" Very sad and disturbing. Really hope he is able to stay clean! "

  • 3 out of 53 out of 53 out of 53 out of 53 out of 5 Rachel | 6/20/2011

    " It was a fast read, books about addiction always are for me, it's like once i start reading one, i just can't stop... He almost goes at the writing of it from a different angle. Almost. Which would have been nice. "

  • 3 out of 53 out of 53 out of 53 out of 53 out of 5 Melissa | 6/5/2011

    " Not terribly original - the addiction memoir is pretty well-trod ground at this point - but good writing made for an engaging read. "

  • 4 out of 54 out of 54 out of 54 out of 54 out of 5 Katy Budget Books | 4/13/2011

    " Anna says: It's very hard to make crack addiction sound both life-alteringly horrible and funny, but Bill Clegg pulls it off. I loved this book for what it was. It's certainly not going to change my life, but it was an entertaining read. "

  • 5 out of 55 out of 55 out of 55 out of 55 out of 5 A | 4/8/2011

    " Did I get this from you?
    Really well written and very moving. "

  • 4 out of 54 out of 54 out of 54 out of 54 out of 5 Desiree | 3/23/2011

    " Interesting and painful read about crack addiction! Excellent for a first time author. He is a gay man with a long-suffering boyfriend, who easily could have kicked him to the curb a long time ago... Recommended! "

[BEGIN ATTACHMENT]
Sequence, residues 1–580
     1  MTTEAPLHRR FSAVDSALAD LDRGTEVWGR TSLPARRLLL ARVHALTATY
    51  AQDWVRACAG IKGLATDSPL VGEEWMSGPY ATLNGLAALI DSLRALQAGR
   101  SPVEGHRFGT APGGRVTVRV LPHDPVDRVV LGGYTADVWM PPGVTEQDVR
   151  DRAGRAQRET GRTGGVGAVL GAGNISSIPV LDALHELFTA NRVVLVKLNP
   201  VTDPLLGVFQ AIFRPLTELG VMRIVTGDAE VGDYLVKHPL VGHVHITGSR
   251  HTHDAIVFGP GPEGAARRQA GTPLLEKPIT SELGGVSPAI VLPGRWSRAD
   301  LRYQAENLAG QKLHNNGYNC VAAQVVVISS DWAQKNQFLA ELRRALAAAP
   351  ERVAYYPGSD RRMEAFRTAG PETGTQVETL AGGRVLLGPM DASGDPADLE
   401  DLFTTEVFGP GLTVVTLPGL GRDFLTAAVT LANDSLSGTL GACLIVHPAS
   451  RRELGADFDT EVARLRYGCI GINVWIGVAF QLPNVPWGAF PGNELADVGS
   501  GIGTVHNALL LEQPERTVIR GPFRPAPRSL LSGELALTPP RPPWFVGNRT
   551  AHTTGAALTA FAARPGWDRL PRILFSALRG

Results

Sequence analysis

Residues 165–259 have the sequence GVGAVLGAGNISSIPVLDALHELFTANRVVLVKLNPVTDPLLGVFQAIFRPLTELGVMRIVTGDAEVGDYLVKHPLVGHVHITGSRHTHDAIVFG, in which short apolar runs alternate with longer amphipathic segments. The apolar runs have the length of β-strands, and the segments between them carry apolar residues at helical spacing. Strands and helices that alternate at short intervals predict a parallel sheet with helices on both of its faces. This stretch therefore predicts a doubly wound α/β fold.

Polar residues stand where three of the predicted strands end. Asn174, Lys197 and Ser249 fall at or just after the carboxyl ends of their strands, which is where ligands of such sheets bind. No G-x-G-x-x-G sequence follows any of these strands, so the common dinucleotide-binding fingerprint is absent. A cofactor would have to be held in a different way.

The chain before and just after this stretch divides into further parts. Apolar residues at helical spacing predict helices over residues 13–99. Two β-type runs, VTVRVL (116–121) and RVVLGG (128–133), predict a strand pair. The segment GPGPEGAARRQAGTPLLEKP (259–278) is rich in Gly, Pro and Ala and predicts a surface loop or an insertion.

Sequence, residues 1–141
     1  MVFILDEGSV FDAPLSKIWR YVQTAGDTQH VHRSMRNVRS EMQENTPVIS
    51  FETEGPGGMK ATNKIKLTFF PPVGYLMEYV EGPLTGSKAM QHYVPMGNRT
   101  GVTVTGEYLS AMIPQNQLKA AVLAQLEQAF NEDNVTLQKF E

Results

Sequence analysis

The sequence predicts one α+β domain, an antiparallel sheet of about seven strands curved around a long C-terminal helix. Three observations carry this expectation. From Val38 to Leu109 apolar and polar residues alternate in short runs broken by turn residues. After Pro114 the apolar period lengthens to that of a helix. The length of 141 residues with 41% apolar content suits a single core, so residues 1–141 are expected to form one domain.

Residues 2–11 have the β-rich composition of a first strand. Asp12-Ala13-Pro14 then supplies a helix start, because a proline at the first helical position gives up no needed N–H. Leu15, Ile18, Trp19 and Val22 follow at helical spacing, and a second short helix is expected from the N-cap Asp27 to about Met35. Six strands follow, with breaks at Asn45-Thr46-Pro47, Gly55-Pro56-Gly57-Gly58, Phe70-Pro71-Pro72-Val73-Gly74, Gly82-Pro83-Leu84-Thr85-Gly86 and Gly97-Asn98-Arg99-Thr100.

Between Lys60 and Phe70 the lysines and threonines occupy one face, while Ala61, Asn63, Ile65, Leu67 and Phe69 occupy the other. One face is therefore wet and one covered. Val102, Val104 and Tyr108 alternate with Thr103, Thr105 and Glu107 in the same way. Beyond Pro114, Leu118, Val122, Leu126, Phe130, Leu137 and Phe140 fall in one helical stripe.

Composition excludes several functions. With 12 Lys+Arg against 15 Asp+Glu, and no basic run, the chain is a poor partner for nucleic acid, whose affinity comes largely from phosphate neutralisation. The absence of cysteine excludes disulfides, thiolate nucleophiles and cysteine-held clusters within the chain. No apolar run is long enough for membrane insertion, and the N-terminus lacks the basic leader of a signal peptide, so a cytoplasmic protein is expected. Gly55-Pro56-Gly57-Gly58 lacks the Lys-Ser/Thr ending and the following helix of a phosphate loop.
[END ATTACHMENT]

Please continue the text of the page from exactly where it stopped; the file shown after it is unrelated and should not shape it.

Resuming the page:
• 4 out of 54 out of 54 out of 54 out of 54 out of 5 Nate | 3/16/2011

    " An easy read. You to can publish a book and make lots of money if you screw your life up badly enough and then recover. Makes me feel like I got my shit together. "

  • 4 out of 54 out of 54 out of 54 out of 54 out of 5 Sarah | 1/17/2011

    " wow - read this in almost one sitting. As the mother of three boys I found it terrifying.... how would I cope with such hopelessness and self destruction in someone I love? But it is never hopeless, and I found myself rooting for Bill Clegg, as I still am today. "

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About the Author
Author Bill CleggBill Clegg is a literary agent in New York. Portrait of an Addict as a Young Man is his first book.
About the Narrator

Joshua Ferris received a BA in English and philosophy from the University of Iowa and an MFA from the University of California, Irvine. His fiction has appeared in the Iowa Review, Best New American Voices 2005, and Prairie Schooner. He was born in Danville, Illinois, grew up in Key West, and now lives in Brooklyn.